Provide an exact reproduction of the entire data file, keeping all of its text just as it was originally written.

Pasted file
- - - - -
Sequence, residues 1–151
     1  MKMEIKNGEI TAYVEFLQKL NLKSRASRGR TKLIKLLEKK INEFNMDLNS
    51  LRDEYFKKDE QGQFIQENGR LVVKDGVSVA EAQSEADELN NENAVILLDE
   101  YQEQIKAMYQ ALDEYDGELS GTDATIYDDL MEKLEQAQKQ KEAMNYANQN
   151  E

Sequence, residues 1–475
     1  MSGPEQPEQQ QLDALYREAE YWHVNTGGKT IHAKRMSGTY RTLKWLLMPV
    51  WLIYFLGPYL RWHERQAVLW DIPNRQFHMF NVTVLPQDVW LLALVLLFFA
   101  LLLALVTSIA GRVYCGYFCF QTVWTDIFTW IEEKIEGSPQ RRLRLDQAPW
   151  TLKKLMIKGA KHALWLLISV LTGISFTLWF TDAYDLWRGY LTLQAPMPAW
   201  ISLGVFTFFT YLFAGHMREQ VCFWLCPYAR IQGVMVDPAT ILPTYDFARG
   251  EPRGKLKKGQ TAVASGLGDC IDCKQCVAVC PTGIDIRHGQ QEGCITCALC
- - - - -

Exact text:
Sequence, residues 1–151
     1  MKMEIKNGEI TAYVEFLQKL NLKSRASRGR TKLIKLLEKK INEFNMDLNS
    51  LRDEYFKKDE QGQFIQENGR LVVKDGVSVA EAQSEADELN NENAVILLDE
   101  YQEQIKAMYQ ALDEYDGELS GTDATIYDDL MEKLEQAQKQ KEAMNYANQN
   151  E

Sequence, residues 1–475
     1  MSGPEQPEQQ QLDALYREAE YWHVNTGGKT IHAKRMSGTY RTLKWLLMPV
    51  WLIYFLGPYL RWHERQAVLW DIPNRQFHMF NVTVLPQDVW LLALVLLFFA
   101  LLLALVTSIA GRVYCGYFCF QTVWTDIFTW IEEKIEGSPQ RRLRLDQAPW
   151  TLKKLMIKGA KHALWLLISV LTGISFTLWF TDAYDLWRGY LTLQAPMPAW
   201  ISLGVFTFFT YLFAGHMREQ VCFWLCPYAR IQGVMVDPAT ILPTYDFARG
   251  EPRGKLKKGQ TAVASGLGDC IDCKQCVAVC PTGIDIRHGQ QEGCITCALC